Everyone liked it except Don. "It wouldn't fit on a movie marquee," he said, being a practical, far-sighted man. "Obviously, I couldn't have been more mistaken."     
     Don has unbelievable plans for my book; talks casually about Canadian rights and excerpts for magazines and maybe a movie. When I reported this to Aliceann during my visit to Singer Island, she said: "When they make the movie, I want to play Aliceann."
     I can't think of anyone else who could.  
March 28, 1991 Weymouth
Dear Aliceann,
     Your phone call last night meant more to me than you can imagine. It was as if you were psychic and wanted to reassure me. Kathie had discussed with me the pressure you were under during my visits of the last two years. I knew and could understand your parents' negative feelings about our friendship but hadn't realized your friends felt the same way about "that woman."
     I don’t ever again want to cause you the slightest discomfort. What with a recuperating husband and a calendar crammed with activities, you have enough stress without my piling on more. If I ever visit Singer Island again, I'll stay no longer than a weekend.                                                             
     I just got your phone call.  It didn't change my mind about shortening any future visits but it was certainly comforting. Not that you ever made me feel unwelcome for a moment, bless your generous heart.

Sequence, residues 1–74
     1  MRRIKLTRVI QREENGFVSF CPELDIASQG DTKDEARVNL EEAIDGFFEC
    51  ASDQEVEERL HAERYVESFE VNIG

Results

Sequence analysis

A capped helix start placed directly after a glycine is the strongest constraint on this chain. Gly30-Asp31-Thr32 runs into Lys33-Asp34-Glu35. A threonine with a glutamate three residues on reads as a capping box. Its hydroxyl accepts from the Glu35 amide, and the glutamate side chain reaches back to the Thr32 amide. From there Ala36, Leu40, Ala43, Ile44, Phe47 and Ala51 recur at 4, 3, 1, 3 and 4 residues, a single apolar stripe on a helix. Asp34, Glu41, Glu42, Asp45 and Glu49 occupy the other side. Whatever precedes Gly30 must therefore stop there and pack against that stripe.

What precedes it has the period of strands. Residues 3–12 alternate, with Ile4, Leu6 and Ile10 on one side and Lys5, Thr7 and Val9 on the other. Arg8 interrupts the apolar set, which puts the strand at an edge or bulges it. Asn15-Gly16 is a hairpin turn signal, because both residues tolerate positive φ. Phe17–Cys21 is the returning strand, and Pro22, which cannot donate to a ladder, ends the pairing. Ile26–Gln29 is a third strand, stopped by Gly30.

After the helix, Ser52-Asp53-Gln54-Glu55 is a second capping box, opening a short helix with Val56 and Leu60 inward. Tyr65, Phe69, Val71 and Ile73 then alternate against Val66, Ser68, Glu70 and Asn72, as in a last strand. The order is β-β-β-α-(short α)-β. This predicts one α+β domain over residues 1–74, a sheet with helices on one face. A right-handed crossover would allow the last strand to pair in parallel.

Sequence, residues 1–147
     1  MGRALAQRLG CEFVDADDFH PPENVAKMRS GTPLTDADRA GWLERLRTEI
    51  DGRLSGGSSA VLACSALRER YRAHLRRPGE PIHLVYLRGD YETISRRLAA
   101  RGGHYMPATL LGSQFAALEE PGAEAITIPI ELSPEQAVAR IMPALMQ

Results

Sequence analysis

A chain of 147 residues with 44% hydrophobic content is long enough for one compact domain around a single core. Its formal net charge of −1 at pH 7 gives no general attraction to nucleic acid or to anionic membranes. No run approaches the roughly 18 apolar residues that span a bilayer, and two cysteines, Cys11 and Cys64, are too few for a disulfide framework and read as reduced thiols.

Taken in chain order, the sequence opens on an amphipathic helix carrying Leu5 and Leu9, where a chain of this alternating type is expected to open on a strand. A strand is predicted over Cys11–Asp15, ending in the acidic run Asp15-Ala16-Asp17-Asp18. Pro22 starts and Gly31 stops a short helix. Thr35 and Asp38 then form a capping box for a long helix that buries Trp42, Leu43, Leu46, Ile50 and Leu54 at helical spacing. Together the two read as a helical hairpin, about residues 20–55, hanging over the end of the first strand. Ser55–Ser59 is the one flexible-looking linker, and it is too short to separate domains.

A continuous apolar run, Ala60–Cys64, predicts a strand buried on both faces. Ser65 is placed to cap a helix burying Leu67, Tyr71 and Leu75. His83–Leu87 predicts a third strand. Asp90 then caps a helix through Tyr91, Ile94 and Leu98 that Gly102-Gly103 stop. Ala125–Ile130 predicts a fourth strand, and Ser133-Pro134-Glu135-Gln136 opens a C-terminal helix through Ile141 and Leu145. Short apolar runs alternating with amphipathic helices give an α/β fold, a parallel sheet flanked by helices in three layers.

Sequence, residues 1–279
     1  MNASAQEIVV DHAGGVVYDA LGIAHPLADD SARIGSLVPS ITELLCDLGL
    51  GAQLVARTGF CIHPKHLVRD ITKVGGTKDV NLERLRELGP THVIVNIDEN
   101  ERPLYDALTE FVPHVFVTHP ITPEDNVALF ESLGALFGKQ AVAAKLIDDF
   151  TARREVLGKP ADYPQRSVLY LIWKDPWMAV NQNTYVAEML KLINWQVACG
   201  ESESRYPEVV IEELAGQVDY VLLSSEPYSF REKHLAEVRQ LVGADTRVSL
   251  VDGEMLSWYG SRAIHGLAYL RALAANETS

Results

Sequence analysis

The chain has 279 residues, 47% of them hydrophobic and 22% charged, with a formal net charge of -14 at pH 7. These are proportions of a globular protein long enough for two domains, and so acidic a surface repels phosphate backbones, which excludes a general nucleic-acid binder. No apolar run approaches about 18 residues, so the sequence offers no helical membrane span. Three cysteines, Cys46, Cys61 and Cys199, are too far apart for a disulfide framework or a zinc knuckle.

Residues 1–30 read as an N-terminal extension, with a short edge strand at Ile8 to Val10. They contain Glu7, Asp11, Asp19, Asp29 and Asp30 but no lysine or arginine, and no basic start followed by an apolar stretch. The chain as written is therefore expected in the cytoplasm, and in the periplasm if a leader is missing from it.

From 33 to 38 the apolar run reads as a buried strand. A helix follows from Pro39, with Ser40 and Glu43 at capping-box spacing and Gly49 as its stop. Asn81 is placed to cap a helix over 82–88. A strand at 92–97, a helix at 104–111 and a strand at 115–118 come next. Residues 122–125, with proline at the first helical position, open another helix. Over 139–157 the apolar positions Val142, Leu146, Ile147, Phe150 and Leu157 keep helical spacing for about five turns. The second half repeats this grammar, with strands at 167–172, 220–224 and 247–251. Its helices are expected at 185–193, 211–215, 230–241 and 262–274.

Give my love to our favorite husband.

If any visitor wants to order a copy of this book, please do so via Kathie's blog,  You will see Amazon on the right side.  Many of the copies cost pennies.

  Sent: Wednesday, March 12, 2003 
  To: Jeremy Brecher
  Cc: Kathie Malley

  Subject: Edward Brecher
  Dear Jeremy,
          Are you by any chance related to Edward Brecher?  He was the author of many books, including An Analysis of Masters and Johnson's Human Sexual Response. He was my mentor while I was writing Take My Ex-Husband, Please--But Not Too Far, published by Little Brown in 1991.  Sadly, too late, for him to see the fruits of his unstinting help.  It seems to me I remember he had a son named Jeremy.
          As a person passionately opposed to our un-elected president's drive to attack Iraq, I was impressed and hopeful when I read your description of the UN process that might possibly stop the war.  Whether you are my friend's son or not, I congratulate you for your fine article.
Barbara Malley
From: Jeremy Brecher 
Subject: RE: Edward Brecher
Date: Thursday, March 14, 2003 

Dear Barbara,
     Thanks for getting in touch.  Yes, Edward was my father.  I remember well his working on your book.  He would have been delighted to know that it finally appeared.
Best of luck,
To: Jeremy Brecher    Oh Jeremy, how I wish your father's health could have held up for one more year.  It would have been so exciting to call him with this incredible news and thank him a thousand times for his faith and his help.  I'm doubtful about the existence of a soul, but if we have one, mine is reaching out to his and saying, "Bless you, dear best of friends, dear best of editors. . . ."